Praying Through Mark

March 19, 2014
Mark 3: 7-12

Jesus’ ministry is beginning to gain momentum. Apparently word is spreading, and people are increasingly excited about what they hear. The crowd is swelling as more and more people gather around Jesus, most of them hoping to receive a miracle of their own. This would seem to be the very image of success. The movement is growing.

Yet Jesus remains surprisingly ambivalent about it all. He doesn’t dismiss or reject the crowd. He receives them without complaint and goes busily about the work of ministering to their needs. But at the same time he doesn’t celebrate his growing mass appeal. He doesn’t thump his chest or point to the heavens with a sign of victory as if to say, “Yes, Father, we’ve done it. This is what we I came here for!”

Because it wasn’t. The irony in this passage is that despite Jesus’ growing popularity only the demons truly recognize who He is. While Jesus doesn’t disparage the crowds or blame them for seeking relief from their suffering, He also knows that he did not come into the world just to meet people’s immediate needs. He didn’t come to gather a crowd of fans. He came to make the ultimate sacrifice and to build a community of disciples who are committed to sharing in that sacrifice. Jesus’ ministry is defined by the cross, not by the crowds.

What is our definition of success? Whether in business or in family life or even in ministry, it is tempting to base our assessments of ourselves on things that don’t really cut to the heart of what the gospel is about. I, for example, will sometimes measure my effectiveness as a pastor by how many people show up on a Sunday morning to hear me preach. There is nothing wrong with wanting people to come and hear the gospel proclaimed. But that’s the visible thing, the part of my work that everybody can see. What if the most important thing I do all week is sit beside the bed of someone who is sick or dying and minister to them with my silent presence? How do I measure that? How does that fit into my definition of “success?”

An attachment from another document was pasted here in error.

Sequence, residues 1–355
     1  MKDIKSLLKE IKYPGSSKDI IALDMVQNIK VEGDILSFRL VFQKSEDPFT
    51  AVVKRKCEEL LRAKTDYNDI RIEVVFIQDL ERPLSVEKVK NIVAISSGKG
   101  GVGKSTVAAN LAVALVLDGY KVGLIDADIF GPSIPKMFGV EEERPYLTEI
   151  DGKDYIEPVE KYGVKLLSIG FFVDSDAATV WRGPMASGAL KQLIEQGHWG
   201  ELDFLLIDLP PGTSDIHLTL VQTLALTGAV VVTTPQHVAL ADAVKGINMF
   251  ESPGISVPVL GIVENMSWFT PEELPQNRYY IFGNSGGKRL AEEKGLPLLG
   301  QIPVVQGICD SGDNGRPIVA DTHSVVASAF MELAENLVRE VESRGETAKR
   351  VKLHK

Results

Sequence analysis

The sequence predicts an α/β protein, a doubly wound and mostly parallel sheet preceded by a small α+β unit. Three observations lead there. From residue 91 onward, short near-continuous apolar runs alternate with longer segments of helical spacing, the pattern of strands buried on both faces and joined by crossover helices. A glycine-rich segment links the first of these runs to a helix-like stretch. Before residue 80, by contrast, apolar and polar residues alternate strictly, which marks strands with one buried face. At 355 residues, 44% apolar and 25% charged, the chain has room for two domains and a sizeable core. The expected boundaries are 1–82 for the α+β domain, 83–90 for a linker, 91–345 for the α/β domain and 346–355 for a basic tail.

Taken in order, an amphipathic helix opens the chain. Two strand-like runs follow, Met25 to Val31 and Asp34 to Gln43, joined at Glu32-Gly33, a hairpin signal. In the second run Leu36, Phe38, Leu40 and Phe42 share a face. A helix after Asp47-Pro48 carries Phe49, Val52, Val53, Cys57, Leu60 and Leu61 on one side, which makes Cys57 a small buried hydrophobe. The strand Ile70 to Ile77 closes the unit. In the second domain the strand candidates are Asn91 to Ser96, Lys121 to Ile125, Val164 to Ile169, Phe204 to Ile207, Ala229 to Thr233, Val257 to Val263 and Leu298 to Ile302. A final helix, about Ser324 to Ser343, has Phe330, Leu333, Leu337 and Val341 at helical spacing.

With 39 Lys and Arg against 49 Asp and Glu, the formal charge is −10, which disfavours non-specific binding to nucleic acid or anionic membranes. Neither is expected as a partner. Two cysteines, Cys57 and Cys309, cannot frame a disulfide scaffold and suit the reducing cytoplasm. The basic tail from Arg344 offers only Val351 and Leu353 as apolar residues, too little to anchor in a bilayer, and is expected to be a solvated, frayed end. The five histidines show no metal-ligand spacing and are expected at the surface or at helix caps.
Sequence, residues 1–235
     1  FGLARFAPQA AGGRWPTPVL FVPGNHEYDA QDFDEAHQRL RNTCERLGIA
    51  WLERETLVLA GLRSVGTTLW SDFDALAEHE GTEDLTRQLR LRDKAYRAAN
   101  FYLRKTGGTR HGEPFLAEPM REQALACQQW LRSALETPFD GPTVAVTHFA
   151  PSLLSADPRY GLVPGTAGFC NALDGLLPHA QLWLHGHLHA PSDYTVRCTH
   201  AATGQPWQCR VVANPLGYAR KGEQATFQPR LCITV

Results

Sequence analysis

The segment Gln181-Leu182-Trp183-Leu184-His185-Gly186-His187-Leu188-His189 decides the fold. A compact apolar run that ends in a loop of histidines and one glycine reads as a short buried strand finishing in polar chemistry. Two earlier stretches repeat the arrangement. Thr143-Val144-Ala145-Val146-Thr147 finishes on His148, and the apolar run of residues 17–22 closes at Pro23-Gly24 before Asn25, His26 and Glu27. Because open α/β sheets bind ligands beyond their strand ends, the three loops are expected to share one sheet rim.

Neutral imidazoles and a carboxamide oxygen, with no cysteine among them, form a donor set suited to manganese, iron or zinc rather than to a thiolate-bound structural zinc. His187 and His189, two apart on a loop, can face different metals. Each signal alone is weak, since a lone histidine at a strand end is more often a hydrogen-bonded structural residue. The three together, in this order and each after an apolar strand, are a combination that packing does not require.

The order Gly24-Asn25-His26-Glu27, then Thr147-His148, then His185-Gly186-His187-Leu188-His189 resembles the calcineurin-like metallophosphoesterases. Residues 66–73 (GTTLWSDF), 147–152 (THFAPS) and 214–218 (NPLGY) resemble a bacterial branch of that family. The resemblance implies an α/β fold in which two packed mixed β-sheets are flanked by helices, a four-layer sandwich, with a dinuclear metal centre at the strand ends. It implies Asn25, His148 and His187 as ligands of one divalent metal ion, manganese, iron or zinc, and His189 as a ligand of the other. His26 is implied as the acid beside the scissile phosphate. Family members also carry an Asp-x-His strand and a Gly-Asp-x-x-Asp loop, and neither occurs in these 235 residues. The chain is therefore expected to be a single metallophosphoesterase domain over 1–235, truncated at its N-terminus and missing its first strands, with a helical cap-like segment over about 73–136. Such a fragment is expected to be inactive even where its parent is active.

The chances are good that most of us will not be called upon today to do anything extraordinary. We are not likely to have large crowds gathering around us lauding us for how we can instantly change their lives for the better. But we will have the chance to do something sacrificial or at least thoughtful for the sake of others. In some way we will have the chance to give some part of ourselves away. It’s not likely to make the evening news, but it might just make the kingdom of God a little more visible.

We should hope for nothing more out of life.

Lord Jesus, help me today to be open to all the big and small ways you are calling me to bear my cross. Help me to be a faithful witness, especially when it does not call attention to me. Thank you for faithfulness to me in all the circumstances of my life. Amen.

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